Deficit reduction: Is Obama's $4 trillion goal big enough?
Though their plans differ dramatically, President Obama and the GOP agree that the deficit needs to be reduced by about $4 trillion over the next 10 to 12 years, in order to reassure credit markets and get the debt under control.
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How does the Obama plan compare with the Republican budget proposal put forward last week by Rep. Paul Ryan, chairman of the House Budget Committee?
Both would reduce the level of deficits sharply compared with a status quo option in which tax rates and spending stay essentially unchanged. Both call for having the national debt on the decline – if measured as a share of GDP – by later this decade. Neither calls for balancing the budget or paying down the debt by 2021.
The Republicans say their deficit reduction adds up to $4.4 trillion over the 10 years from 2012 to 2021. Their spending cuts are deeper – about $5.8 trillion – but they also cut taxes.
But both plans come with some uncertainties. For example, it was not immediately clear this week what baseline the Obama plan is measured against. He wants $4 trillion in savings, but relative to what starting point? A senior White House official, in a Wednesday briefing, didn't give a detailed answer but cited an "adjusted" baseline from the Congressional Budget Office (CBO).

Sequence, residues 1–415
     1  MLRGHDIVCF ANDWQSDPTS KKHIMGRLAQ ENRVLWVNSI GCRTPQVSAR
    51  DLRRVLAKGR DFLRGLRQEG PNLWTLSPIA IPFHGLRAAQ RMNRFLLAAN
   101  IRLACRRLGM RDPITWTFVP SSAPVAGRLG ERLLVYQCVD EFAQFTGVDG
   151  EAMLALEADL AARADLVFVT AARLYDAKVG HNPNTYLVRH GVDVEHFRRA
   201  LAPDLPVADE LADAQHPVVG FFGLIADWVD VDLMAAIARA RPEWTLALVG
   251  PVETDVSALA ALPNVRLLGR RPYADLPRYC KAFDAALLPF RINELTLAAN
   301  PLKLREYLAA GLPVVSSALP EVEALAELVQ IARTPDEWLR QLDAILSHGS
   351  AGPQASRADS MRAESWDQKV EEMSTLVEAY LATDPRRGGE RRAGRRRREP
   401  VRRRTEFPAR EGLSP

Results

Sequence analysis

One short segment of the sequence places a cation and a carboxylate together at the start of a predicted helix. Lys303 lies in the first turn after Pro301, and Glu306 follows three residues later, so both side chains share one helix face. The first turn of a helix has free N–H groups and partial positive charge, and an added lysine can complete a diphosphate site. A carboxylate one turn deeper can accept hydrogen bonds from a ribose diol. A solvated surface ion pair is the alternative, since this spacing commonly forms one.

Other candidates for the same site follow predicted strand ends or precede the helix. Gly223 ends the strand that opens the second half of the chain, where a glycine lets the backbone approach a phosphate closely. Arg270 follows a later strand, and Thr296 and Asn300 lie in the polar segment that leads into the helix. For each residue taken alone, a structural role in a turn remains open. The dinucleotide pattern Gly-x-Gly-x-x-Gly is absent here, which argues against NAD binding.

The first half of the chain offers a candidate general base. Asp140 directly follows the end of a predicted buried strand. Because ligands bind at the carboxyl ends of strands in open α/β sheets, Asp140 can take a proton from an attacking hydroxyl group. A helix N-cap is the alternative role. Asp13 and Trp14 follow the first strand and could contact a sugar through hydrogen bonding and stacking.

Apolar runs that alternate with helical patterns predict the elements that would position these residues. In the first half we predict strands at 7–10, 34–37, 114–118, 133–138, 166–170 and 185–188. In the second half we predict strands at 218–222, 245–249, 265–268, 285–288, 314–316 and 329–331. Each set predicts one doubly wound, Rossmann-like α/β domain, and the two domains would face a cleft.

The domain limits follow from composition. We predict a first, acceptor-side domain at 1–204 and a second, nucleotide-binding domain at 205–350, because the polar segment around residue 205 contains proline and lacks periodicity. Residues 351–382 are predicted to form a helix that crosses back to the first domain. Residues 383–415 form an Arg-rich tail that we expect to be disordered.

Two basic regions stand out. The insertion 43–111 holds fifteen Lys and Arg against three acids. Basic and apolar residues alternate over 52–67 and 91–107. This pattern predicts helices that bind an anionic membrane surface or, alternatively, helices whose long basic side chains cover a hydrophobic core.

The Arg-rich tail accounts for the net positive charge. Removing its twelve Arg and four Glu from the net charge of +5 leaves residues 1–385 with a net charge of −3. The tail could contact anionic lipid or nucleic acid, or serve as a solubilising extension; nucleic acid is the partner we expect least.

On Thursday, White House spokesman Jay Carney described the president's plan as roughly sharing the Ryan target – with both plans in the ballpark of $4 trillion.
The CBO has estimated that the Republican plan would hold the public debt to 70 percent of GDP as of 2022, measurably lower than the 95 percent debt-to-GDP ratio the CBO expects under an alternative (basically status quo) scenario. The Obama plan might achieve similar results.
Time would tell whether such plans would persuade financial markets that the US is successfully correcting its fiscal course. A key is not just whether debt ceases to grow by the end of this decade, but whether the outlook for the decade after that improves. That's when baby boom retirements will ramp into higher gear, potentially straining programs like Medicare and Medicaid.
Regardless of the right number for deficit reduction, another, equally vital question is how to get there.
While the Obama budget plan relies largely on tax hikes for well-to-do Americans, Republicans brag that their plan won't raise taxes. Meanwhile, Obama harshly criticized the GOP plan for its cuts to Medicare and other programs that benefit middle-class or lower-income Americans.